Bangkok after the burning
TODAY, 21 May 2010
Burning buildings and street shootings in Bangkok have made international headlines. For Thais and foreigners alike there is a sense of shock that such violence has come to the Land of Smiles. Even if the government soon secures the capital, some suggest future politics will worsen.
What caused the violence? Where does the path lead? Is Thailand changing irrevocably? One international think-tank has said the situation is an undeclared civil war. Some paint scenarios in which the royalty will end after the current much revered King.
I do not agree. Thailand is changing but the tragedy could have been avoided and further instability can yet be avoided.
Much depends on how we judge the source of the current violence. Some see the problems as being caused by the large gaps between the rich and poor, and equate the Red Shirts with the unfairly oppressed poor.
It is true that gaps exist, as they do in many other developing countries. But they were not the immediate cause of the conflagration. The cause was a politics that exploited the gaps and sparked and stoked anger.
Consider that many of the Thai poor live in the south, which has solidly voted Democrat, the party of Premier Abhisit Vejajiva. Consider, too, that Thaksin Shinawatra established his stronghold in the north and north-east by allying with many traditional local chieftains who have controlled the existing power structures.
Remember the Red Shirt rejection of the offer made by the Abhisit government to step down by November. The Red Shirts insisted on an immediate step down not because poverty could be addressed between now and November.
They refused because a November dissolution would allow the incumbent government to roll out a Budget including many handouts and pro-poor policies, and to oversee the transition to a new Army chief. This would have increased chances for the Democrats and their coalition partners to do better at the next elections.
Seen in this light, the events in Bangkok are not a civil war. Violence is simply politics by other means. People are being used as pawns in a complex game of power and bargaining behind closed doors. That is the true tragedy.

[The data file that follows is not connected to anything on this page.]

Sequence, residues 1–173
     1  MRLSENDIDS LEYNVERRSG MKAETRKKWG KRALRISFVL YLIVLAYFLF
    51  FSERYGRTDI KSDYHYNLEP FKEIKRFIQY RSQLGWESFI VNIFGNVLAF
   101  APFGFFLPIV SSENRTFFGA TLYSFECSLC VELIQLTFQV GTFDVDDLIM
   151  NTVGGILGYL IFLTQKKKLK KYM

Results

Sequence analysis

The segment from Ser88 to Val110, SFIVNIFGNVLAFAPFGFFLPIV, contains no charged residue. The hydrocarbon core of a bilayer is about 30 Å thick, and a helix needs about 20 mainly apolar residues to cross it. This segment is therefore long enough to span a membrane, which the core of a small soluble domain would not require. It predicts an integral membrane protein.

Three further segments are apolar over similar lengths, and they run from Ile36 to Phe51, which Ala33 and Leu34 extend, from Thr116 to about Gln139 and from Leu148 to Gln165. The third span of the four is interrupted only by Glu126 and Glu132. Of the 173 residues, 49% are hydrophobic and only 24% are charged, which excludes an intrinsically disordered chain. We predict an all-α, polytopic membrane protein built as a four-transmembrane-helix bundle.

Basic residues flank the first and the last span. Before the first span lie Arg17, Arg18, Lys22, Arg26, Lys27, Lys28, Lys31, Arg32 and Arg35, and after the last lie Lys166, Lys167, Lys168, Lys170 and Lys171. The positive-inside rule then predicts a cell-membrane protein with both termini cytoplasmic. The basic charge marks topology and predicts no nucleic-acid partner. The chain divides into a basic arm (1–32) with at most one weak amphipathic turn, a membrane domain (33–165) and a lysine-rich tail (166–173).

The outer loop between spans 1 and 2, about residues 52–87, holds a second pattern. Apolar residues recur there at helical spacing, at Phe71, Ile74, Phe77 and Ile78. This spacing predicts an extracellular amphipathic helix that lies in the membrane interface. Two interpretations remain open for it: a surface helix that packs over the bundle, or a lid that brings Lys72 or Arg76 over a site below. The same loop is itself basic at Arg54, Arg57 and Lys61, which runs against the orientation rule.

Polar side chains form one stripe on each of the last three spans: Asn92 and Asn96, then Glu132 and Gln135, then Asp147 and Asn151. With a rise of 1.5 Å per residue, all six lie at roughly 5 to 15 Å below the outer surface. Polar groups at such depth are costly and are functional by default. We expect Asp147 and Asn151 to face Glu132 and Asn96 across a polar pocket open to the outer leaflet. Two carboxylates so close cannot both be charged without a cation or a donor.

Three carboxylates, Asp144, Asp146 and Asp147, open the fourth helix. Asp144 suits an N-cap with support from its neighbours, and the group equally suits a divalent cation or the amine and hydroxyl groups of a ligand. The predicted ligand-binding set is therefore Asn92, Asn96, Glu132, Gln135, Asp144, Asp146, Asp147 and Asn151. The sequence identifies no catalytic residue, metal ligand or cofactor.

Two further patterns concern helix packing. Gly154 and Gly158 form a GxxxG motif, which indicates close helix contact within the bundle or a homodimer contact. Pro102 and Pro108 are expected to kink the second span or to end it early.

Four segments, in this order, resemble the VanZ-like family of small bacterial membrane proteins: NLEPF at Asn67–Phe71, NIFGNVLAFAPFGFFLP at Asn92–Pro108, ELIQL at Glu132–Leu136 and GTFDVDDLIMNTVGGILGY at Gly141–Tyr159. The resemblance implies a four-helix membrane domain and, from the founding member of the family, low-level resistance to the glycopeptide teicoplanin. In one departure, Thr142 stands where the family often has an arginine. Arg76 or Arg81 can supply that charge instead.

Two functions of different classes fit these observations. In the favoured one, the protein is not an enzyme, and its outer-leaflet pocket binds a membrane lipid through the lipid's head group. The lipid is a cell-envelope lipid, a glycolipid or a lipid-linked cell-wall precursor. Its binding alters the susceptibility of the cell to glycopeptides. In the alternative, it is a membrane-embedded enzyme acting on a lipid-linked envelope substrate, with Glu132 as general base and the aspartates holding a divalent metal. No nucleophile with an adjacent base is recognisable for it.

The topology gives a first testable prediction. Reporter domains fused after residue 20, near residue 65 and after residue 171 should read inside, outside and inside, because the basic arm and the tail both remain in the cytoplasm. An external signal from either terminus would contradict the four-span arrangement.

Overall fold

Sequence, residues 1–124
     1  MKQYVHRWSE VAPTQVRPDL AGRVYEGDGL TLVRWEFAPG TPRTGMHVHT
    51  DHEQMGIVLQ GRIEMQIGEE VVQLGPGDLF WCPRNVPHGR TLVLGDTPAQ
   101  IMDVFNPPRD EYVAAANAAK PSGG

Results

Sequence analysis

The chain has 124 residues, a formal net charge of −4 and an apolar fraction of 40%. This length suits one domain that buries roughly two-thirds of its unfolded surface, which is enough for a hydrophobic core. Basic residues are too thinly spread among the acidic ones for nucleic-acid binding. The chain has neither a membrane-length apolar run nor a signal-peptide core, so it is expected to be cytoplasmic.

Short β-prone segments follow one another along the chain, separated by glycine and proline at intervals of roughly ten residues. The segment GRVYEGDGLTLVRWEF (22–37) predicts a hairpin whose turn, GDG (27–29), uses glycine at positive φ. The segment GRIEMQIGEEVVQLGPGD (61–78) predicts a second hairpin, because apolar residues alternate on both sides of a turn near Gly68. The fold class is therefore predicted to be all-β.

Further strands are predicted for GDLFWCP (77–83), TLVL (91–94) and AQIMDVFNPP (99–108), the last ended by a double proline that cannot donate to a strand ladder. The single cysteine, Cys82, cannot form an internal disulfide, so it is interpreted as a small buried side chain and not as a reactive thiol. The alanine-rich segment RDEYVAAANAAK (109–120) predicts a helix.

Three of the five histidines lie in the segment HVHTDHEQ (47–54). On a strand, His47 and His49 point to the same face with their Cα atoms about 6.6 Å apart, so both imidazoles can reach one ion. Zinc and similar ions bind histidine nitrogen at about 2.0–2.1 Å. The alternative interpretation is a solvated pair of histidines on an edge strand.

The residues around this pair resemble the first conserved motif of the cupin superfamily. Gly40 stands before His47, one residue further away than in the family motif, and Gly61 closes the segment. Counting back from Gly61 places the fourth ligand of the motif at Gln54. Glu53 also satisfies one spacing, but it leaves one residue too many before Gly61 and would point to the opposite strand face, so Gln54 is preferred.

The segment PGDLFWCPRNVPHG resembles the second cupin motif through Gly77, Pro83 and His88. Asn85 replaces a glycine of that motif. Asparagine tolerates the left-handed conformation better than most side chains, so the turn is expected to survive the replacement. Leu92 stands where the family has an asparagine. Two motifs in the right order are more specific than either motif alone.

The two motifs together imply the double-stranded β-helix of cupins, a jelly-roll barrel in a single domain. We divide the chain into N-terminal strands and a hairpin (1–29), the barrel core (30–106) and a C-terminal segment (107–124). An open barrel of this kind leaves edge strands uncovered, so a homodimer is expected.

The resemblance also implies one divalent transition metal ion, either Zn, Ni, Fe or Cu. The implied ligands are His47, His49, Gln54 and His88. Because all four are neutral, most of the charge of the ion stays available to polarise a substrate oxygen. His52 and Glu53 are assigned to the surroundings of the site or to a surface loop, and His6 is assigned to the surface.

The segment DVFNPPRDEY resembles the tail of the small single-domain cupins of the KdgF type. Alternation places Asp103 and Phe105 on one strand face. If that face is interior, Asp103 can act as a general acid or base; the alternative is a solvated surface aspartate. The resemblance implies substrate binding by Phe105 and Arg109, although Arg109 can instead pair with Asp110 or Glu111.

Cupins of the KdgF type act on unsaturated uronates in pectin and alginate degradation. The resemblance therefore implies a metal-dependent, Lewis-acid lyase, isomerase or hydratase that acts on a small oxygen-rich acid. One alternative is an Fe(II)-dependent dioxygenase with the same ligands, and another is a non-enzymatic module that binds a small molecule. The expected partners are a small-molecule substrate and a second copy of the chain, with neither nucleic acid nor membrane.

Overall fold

The Red Shirt leaders miscalculated and some seem to have been callous to the loss of lives, so long as they could paint the armed forces and Abhisit government as the aggressors. Notable Red Shirts included renegade military men and deployed rocket and grenade launchers. The Red Shirts were outmatched by the military but they were never non-violent protesters.
Some of the moderate Red Shirts and perhaps Thaksin did not mean for this outcome. There were more extreme voices among the Reds.
But they must bear the blame of putting these people - including women and children - in harm's way by refusing to call on them to end their protest when the government made their intentions clear.
This does not mean the military and the Abhisit government will escape blame. Nor should the government claim victory even when the streets are again secured.
The handling of both the April and May attempts to clear the Red Shirts must be subject to thorough and impartial investigation. The ruling coalition would also be well advised to offer real and substantial concessions to the poor and reach out to those who are willing to compromise on the road ahead.
In this, it is not clear if Premier Abhisit and the Democrats will survive. The Democrats still face a possible indictment that could lead to their dissolution.
As for the Premier personally, even if he has done what he felt was his duty, some may question if he can remain the unifying face for the next elections.
What about the monarchy, which has been a central institution for the society? Many have called on the King to speak up and resolve the crisis.
When he did speak from hospital, his words to welcome a new batch of judges were variously interpreted. Some stressed he had asked the institutions of the country to do their duty and inferred that the government and military should clear the streets. Others suggested the King was frail and unable to act decisively and in a way that all would accept.
Perhaps the question should be not what the King said, should say, or if he can settle all the problems. We should ask whether the King should still make the decisions as he did in the past.
The hope must be that Thai society has matured since then. The hope must be that those Thai politicians who say they want democracy can also see the value of compromise.
Otherwise, the next elections will again be a winner-takes-all battle, and problems will simmer and again bubble over.
If compromise can come in the wake of the blood and burning of this past week, the tragedy can yet be turned to a better future, and all Thais, including their much revered King, might have reason to smile.